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So If There’s No Foreign-Policy Debate Tonight

Jul 31, 2020
… well, my Friday plans are then ruined. Thanks, John McCain! But let me do what McCain always implores and consider a cause greater then myself: ask what are the burning questions that the candidates will miss.
The New York Times does a great jobrounding up foreign dignitaries and letting them pose queries to McCain and Barack Obama. My personal favorites come early. First there’s this from new Pakistani President Asif Ali Zardari:
How would you work with America’s allies in the Muslim world to turn around the widely held misperception there, as evidenced in opinion polls, that the global war against terrorism is actually a war against Islam?
Really a crucial question, despite the alarming turn Pakistani has taken away from the U.S.during Zardari’s brief tenure. As it happens, Obama adviser Richard Danzig recently fielded a near-identical question from — ahem — moi, and his answer was roughly as follows:
The alienation produced around the world “contributes to the radicalization of populations on the streets of Pakistan and the Islamic world.” Obama “articulates a different view of the world” and understands the Muslim world “having grown up, part of his youth, in Indonesia.” Obama would convene a meeting “of Islamic countries and talk about how counter to Islam so many of these kinds of notions are, of terrorism and the like.” Also will set up an education fund to creat an alternative to the radical madrassas “because we have no secular educational” alternative.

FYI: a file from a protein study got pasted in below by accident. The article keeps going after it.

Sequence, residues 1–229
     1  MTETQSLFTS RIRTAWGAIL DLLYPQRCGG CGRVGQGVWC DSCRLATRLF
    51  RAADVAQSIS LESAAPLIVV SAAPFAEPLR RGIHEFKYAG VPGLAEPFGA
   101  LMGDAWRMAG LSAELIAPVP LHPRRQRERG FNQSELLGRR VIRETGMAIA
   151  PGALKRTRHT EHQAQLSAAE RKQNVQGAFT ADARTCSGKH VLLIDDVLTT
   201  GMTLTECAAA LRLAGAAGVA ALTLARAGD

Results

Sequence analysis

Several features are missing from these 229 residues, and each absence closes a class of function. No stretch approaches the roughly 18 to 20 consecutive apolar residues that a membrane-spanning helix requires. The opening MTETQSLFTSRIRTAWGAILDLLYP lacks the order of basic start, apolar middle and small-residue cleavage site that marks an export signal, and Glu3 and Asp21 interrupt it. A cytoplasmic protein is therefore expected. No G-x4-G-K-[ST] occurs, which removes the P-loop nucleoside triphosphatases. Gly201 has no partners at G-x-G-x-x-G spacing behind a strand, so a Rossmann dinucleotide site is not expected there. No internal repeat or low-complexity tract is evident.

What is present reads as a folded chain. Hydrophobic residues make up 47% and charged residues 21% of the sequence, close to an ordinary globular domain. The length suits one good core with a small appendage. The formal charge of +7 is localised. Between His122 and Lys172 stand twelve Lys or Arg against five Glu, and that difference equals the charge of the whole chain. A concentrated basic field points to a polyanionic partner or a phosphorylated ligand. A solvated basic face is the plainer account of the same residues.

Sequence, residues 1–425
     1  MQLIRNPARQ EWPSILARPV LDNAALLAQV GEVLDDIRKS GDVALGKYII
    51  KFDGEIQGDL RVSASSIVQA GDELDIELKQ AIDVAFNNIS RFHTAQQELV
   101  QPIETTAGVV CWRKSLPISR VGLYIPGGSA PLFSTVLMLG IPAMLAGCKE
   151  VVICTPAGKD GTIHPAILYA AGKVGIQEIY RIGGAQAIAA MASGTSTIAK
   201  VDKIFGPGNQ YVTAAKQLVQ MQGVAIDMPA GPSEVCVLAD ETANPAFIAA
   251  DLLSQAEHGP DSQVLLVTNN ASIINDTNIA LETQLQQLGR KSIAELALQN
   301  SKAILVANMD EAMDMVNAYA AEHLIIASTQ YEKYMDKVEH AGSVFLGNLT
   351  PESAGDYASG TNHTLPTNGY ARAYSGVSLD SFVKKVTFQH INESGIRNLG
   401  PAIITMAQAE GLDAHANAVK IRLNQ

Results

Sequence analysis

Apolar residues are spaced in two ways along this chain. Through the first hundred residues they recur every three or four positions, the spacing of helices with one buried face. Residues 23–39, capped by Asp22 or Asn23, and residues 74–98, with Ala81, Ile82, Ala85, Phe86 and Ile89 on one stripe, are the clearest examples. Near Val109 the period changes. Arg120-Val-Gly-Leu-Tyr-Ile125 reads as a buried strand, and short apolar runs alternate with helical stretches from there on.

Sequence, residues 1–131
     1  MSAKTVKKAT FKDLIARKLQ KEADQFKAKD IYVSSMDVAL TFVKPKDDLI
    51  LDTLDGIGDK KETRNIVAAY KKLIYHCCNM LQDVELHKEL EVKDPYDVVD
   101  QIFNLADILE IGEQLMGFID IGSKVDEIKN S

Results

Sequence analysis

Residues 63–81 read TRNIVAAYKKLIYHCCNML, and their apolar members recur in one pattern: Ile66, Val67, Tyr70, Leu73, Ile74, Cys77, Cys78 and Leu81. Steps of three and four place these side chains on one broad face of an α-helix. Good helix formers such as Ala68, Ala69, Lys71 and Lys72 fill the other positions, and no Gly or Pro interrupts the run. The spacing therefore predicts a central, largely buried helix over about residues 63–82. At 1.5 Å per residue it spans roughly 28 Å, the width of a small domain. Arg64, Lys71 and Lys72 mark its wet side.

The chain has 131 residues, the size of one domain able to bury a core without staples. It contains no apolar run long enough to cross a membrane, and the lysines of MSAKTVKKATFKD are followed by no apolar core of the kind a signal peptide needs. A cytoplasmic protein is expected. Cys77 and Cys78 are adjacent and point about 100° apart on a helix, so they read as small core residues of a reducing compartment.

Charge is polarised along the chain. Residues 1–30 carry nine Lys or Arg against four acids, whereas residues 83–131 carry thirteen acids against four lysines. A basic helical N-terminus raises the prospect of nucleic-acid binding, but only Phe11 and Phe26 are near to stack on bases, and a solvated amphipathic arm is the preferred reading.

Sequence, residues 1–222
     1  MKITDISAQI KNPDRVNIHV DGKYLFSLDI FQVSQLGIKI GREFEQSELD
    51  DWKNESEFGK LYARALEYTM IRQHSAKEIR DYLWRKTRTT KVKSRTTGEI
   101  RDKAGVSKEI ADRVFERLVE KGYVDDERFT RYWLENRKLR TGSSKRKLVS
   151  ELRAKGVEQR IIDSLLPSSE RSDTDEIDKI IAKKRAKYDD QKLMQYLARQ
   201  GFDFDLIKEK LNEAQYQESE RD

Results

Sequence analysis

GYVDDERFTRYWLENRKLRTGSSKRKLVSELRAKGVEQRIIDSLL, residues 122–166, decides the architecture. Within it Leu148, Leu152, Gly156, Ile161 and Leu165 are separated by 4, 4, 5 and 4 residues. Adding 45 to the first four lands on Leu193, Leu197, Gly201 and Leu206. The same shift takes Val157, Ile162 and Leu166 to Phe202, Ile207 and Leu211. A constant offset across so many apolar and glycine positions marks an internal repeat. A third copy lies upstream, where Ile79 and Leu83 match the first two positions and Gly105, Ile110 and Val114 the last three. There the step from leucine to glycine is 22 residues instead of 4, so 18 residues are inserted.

Meanwhile John McCain will bomb bomb bomb bomb bomb Iran and straight-talk them into believing that we don’t have a problem with Muslims despite invading and occupying their countries when we feel like it, etc.
Also, Rory Stewart, whose brilliant bookI read while in Afghanistan, asks this:
Why do you think that terrorism is the No. 1 strategic threat to the United States? How does it compare to the threat from an economic meltdown, from an environmental catastrophe, or from another nation?
Heads would explodeif Jim Lehrer posed that question. People just aren’t ready.
Camilo Wood

Camilo Wood

Camilo Wood has over two decades of experience as a writer and journalist, specializing in finance and economics. With a degree in Economics and a background in financial research and analysis, Camilo brings a wealth of knowledge and expertise to his writing. Throughout his career, Camilo has contributed to numerous publications, covering a wide range of topics such as global economic trends, investment strategies, and market analysis. His articles are recognized for their insightful analysis and clear explanations, making complex financial concepts accessible to readers. Camilo's experience includes working in roles related to financial reporting, analysis, and commentary, allowing him to provide readers with accurate and trustworthy information. His dedication to journalistic integrity and commitment to delivering high-quality content make him a trusted voice in the fields of finance and journalism.
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